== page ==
It can’t be easy being a promoter when everyone hates you
Being an annoying bastard must be damaging to your soul
I’m not a promoter and I don’t think I ever will be, but I can imagine that it is harder than it seems.
It’s an emotional and physical investment and on accepting the job you’re agreeing to allow everyone, apart from your mates and fellow co-workers, to piss into the never ending waterfall of hate and resentment that cascades over you.
Freshers week sees the highs and lows of promoting. Firstly, you’re everyone’s best mate, the go to guy/gal. People line up to get a flyer off you because you are their favourite interior decorator – something for their pin board or wall in halls.
Soon after, people get bored of the same flyer, they move on from enjoying a night out in Live Lounge. Like the fall of man in the Garden of Eden, you fall from grace. Going from temporary BNOC status to something that resembles vermin or a terrier, yapping and irritating every person that walks by.
Probably the hardest part of a promoter’s weekly paper round is the judging of exactly how many flyers one household in Cathays will need. This tough maths equation depends upon whether one should:
a) be economical and post one flyer,
b) be generous and try and estimate how many people live in the house, thus giving everyone their own flyer,
c) throw the whole lot because being a fucking nice guy can be mentally challenging for most promoters.
Some are so overwhelmed by this concept of flyering that when in Talybont houses, they get frenzied and in a fit of rage throw the whole lot down the stairwell. This irrational act is one of the biggest causes of promo hate.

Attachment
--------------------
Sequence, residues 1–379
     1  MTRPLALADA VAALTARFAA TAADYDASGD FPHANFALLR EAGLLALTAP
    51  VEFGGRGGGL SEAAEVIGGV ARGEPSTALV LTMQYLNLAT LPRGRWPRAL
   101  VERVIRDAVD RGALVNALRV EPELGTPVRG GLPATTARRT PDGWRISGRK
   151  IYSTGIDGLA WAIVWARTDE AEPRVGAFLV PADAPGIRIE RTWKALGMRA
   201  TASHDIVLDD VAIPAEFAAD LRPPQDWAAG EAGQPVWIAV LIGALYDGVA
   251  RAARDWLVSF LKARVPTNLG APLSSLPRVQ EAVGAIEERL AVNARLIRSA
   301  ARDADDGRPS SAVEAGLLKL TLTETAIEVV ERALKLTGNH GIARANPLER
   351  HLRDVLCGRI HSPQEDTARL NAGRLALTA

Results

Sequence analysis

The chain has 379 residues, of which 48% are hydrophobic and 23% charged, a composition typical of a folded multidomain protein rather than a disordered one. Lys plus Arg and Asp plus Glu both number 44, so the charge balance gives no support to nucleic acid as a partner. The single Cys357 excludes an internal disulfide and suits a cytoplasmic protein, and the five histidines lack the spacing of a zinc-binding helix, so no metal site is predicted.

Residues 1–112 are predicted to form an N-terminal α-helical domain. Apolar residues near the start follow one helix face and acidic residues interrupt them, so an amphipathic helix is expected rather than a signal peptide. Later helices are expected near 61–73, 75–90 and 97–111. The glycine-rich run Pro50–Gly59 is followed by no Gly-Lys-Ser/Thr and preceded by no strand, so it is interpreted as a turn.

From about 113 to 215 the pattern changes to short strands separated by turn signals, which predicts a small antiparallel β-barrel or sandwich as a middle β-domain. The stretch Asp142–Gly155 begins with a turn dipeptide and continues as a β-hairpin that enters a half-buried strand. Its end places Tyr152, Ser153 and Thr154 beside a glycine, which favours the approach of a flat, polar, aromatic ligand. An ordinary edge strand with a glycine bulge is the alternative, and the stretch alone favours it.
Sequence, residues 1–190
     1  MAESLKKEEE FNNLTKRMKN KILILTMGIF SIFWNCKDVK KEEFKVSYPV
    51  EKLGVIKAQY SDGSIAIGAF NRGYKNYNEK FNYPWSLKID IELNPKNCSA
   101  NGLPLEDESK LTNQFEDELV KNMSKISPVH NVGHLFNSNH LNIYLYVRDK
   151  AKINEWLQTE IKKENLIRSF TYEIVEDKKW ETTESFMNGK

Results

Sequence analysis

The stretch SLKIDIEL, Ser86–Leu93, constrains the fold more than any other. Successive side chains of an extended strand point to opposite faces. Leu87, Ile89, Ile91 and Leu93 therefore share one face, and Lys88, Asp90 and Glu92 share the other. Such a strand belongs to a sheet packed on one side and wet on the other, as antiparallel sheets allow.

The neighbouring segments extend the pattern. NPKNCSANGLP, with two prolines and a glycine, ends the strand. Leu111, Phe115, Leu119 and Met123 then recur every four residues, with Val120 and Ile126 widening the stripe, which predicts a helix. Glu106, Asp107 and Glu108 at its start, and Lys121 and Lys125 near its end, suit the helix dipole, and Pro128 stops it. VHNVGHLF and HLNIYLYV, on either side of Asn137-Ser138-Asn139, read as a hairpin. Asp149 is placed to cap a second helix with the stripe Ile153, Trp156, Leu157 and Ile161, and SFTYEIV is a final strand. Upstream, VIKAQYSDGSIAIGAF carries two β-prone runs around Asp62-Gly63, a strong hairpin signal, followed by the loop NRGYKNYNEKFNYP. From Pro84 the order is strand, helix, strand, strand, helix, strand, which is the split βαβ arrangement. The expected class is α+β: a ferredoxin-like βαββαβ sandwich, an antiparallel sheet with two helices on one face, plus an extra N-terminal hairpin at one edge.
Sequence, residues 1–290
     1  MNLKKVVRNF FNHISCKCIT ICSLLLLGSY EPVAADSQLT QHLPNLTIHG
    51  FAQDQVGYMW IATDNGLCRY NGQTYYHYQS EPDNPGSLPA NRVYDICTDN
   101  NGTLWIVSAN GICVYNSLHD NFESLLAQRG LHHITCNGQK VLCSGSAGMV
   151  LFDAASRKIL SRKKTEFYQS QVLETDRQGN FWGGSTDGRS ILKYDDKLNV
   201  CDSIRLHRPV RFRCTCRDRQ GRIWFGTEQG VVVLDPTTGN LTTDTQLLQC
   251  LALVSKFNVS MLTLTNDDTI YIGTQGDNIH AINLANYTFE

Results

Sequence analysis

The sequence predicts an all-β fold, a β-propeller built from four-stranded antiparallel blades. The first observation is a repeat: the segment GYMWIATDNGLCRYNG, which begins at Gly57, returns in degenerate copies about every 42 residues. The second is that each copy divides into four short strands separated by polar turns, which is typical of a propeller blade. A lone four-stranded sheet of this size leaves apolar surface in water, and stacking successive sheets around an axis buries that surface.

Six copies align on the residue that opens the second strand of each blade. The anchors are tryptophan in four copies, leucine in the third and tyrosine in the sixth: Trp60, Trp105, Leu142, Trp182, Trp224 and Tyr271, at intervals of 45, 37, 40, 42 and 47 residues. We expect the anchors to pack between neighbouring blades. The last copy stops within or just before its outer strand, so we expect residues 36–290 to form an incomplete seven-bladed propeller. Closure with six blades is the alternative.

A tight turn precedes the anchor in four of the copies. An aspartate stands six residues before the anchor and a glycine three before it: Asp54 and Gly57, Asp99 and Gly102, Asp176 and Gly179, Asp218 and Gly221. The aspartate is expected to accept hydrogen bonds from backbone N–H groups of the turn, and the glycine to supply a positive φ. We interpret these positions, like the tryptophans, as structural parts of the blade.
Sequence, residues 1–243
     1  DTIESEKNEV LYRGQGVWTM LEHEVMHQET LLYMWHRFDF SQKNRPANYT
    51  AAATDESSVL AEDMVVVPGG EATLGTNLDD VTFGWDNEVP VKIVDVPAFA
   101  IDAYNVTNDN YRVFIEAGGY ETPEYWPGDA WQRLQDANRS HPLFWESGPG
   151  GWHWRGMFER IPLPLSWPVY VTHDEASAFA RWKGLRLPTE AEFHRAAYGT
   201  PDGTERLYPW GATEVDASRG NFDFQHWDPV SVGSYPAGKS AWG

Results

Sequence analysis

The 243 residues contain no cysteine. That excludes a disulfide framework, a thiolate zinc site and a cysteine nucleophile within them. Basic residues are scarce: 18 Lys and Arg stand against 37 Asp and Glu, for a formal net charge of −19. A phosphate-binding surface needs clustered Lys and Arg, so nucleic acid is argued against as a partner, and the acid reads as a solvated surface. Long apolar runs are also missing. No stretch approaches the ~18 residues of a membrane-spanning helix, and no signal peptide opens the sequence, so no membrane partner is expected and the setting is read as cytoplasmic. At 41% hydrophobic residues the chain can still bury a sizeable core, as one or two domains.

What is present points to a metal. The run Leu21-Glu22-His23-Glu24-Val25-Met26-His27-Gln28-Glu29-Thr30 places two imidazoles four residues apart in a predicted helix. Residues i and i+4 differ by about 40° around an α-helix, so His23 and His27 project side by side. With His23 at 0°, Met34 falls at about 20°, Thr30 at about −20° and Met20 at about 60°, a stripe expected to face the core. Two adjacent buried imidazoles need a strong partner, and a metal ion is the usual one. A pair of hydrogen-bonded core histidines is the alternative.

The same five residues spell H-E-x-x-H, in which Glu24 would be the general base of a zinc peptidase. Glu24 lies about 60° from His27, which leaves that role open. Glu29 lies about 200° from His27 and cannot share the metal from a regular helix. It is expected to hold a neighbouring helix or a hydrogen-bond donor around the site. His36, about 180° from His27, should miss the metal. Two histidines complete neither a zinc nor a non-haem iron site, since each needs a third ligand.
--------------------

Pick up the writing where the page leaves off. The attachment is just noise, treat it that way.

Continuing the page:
More help/counselling needs to be made available for these poor, troubled promoter souls.
Another hardship is constantly repeating the same string of words every few seconds, either door-to-door or on a road corner. I mean, can you even imagine the effort that is put into that?
“Two pound doubles”, “free entry before 11”, “double up for one pound” and various other phrases a promoter has to learn are what really make the job hard.
Having to persuade people enthusiastically that your shit club isn’t as shit as the others is no mean feat. The disappointing slam of a door or the middle finger of a resident are likely to be the answer to your desperate cries.
Accepting how your social status on Facebook will dramatically drop when becoming a promoter is also an issue that should be faced head on. The regular cover photo update, some bollocks act performing next week grinds on the gears of all your fellow FB friends.
Some of them will probably hide all your posts from their feed for the rest of eternity. No one will care or even see that you got a 2:1 in Business Ethics.
You also have to bear the shame of adding your friends, even the ones who don’t live anywhere near Cardiff, to shit events which you know they have zero interest in attending.
Pretending that Scott Disick coming to Cardiff excites you is one thing, but being buzzed for the arrival of The Chuckle Brothers DJing in Walkabout is another.
Maybe it’s best to create a whole new FB for your annoying promo antics because it’s probable that everyone hates your current one.
So be careful budding promoters. If you think you’re cut out to being an annoying shit in person and online, then go ahead. But be prepared for a solid three years of virulent hatred. You are scum.
To read an impassioned defence of promoters and their work, go here.